The SparkFun Pro nRF52840 Mini is a breakout and development board for Nordic Semiconductor’s nRF52840 – a powerful combination of ARM Cortex-M4 CPU and 2.4GHz Bluetooth radio. With the nRF52840 at the heart of your project, you’ll be presented with a seemingly endless list of project-possibilities in an incredibly small package.
SparkFun’s mini development board for the nRF52840 breaks out most of the critical I/O pins including GPIO and those needed for power while maintaining a small footprint that nearly matches that of the Arduino Pro Mini (except those covered by the Qwiic Connector). It features a USB interface (using the nRF52840’s native USB support), which can be used to program, power, and communicate with the chip making it able to be used for any purpose (UART, I2C, SPI) that those of the Arduino Pro Mini could. The Pro nRF52840 Mini features a Raytac MDBT50Q-P1M module. This module connects the nRF52840 to a trace antenna, fits the IC into an FCC-approved footprint, and also includes a lot of the decoupling and timing mechanisms that would otherwise be required for a bare nRF52840 design. Also included onboard is a LiPo battery charger, a Qwiic connector, an on/off switch, a reset switch, and a user LED/button.
The board comes pre-programmed with a USB bootloader. You can develop programs for the nRF52840’s Cortex-M4 using either Arduino, CircuitPython, or C (using Nordic’s nRF5 SDK), and load that compiled code using a USB serial or mass-storage interface.
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This is the latest stable release of CircuitPython that will work with the Pro nRF52840 Mini.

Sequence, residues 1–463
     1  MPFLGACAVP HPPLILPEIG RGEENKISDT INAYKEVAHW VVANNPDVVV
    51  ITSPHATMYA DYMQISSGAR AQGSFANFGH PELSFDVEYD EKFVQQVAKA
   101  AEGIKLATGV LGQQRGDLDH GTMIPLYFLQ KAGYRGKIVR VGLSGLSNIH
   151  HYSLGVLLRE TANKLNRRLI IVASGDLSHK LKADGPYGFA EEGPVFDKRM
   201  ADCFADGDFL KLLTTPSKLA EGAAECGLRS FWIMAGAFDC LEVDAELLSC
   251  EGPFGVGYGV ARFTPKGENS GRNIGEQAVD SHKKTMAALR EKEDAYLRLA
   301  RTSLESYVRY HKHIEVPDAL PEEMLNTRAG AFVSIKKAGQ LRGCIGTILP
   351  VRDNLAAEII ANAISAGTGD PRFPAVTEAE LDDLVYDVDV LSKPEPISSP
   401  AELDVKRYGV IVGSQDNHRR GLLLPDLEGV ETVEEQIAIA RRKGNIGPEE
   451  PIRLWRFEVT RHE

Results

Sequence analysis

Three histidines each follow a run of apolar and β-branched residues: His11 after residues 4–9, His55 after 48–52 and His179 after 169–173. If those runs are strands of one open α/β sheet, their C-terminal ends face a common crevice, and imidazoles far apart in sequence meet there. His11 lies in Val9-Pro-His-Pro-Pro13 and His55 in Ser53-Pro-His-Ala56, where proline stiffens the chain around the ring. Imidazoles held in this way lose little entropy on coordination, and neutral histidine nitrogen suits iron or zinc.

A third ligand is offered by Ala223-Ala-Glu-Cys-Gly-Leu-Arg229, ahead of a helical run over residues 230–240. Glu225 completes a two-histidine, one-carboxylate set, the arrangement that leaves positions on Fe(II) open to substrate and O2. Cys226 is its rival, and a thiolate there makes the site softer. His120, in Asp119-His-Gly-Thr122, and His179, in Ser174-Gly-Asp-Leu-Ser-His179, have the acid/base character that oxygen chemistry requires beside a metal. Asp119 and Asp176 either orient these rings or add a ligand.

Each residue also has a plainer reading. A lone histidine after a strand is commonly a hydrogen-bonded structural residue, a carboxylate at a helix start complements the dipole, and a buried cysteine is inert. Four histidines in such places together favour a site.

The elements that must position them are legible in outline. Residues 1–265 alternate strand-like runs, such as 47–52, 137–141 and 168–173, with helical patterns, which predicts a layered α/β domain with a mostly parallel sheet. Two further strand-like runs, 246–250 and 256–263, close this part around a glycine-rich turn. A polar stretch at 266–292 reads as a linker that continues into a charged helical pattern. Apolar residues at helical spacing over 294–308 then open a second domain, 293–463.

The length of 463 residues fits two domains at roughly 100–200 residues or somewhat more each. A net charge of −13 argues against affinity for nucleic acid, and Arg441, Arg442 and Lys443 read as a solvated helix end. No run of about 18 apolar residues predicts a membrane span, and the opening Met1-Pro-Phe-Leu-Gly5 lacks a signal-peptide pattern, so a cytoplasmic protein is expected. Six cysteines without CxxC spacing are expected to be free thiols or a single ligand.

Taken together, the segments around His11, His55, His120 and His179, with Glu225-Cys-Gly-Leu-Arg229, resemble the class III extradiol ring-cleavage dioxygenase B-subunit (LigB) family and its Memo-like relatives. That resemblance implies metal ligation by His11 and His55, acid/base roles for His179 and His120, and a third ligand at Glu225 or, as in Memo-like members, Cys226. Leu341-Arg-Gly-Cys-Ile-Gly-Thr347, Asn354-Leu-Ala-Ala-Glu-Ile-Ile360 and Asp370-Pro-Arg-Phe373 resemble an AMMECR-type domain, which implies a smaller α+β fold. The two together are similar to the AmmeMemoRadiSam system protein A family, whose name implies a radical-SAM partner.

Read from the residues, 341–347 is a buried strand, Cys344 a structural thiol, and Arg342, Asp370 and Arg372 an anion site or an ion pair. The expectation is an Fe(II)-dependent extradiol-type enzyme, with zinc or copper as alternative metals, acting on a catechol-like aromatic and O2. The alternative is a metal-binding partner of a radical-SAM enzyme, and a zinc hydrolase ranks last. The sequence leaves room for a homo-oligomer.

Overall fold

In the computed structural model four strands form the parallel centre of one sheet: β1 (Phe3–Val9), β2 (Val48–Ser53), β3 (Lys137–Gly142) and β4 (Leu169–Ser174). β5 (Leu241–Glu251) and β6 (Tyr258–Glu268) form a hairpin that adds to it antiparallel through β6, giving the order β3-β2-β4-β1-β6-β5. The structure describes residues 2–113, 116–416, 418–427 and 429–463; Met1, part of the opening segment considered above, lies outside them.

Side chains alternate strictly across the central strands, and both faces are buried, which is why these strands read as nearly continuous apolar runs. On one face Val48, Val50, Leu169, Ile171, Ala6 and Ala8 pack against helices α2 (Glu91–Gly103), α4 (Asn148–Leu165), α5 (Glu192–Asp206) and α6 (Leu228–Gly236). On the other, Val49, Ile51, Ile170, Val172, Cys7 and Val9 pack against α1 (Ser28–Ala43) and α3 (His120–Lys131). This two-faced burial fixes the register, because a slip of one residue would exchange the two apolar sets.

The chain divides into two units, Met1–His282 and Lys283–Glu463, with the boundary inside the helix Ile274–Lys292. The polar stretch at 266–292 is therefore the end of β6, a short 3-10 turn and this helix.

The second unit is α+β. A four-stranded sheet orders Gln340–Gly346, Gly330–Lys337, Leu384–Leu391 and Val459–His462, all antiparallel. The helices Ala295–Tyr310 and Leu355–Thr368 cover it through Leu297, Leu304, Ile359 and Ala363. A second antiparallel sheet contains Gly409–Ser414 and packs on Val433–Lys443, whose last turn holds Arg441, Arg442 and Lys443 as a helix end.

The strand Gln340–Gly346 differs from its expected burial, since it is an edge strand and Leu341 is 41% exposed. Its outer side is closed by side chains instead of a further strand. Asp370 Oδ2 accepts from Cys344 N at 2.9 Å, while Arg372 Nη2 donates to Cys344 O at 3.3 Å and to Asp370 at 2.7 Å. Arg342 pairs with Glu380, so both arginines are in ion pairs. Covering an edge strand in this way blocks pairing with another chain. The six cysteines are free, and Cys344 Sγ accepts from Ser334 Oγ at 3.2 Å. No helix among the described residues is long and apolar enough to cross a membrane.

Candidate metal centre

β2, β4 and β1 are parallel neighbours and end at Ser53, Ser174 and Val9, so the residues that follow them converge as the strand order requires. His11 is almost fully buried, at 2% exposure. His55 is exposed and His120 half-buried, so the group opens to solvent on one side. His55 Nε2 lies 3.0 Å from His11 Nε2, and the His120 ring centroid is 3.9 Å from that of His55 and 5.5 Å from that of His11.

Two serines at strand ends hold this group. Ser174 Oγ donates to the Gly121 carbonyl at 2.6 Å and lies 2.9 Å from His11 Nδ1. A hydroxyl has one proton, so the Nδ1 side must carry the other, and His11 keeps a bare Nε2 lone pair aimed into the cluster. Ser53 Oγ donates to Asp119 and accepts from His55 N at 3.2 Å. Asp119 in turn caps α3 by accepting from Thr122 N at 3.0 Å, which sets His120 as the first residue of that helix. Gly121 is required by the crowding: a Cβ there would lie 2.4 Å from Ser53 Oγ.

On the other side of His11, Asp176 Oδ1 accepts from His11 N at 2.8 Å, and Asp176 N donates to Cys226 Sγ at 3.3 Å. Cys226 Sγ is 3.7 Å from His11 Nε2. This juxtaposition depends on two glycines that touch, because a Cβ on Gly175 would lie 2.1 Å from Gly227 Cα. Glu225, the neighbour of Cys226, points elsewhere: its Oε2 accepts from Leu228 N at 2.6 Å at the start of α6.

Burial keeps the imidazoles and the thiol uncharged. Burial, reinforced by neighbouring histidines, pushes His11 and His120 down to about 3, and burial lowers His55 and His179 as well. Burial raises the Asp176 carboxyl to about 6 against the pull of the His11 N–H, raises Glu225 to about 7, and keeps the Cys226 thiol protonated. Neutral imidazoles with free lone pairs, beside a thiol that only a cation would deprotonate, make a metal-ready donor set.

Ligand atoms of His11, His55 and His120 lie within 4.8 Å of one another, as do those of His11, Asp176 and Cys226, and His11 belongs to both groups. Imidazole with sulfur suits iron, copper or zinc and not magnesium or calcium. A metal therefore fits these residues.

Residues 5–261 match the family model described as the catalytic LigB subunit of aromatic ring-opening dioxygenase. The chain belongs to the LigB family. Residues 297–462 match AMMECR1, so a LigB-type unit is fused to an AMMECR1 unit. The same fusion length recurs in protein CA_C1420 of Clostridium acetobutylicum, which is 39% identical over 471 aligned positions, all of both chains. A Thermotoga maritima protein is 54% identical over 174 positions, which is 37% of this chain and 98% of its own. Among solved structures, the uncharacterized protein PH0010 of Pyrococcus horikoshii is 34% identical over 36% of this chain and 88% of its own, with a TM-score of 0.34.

Start here if you are new to CircuitPython.
This is the latest unstable release of CircuitPython that will work with the Pro nRF52840 Mini.
Unstable builds have the latest features but are more likely to have critical bugs.
Every time we commit new code to CircuitPython we automatically build binaries for each board and language. The binaries are stored on Amazon S3, organized by board, and then by language. Try them if you want the absolute latest and are feeling daring or want to see if a problem has been fixed.
All previous releases are listed on GitHub, with release notes, and are available for download from Amazon S3. They are handy for testing, but otherwise we recommend using the latest stable release. Some older GitHub release pages include the same binaries for downloading. But we have discontinued including binaries as assets on newer release pages because of the large number of files for each release.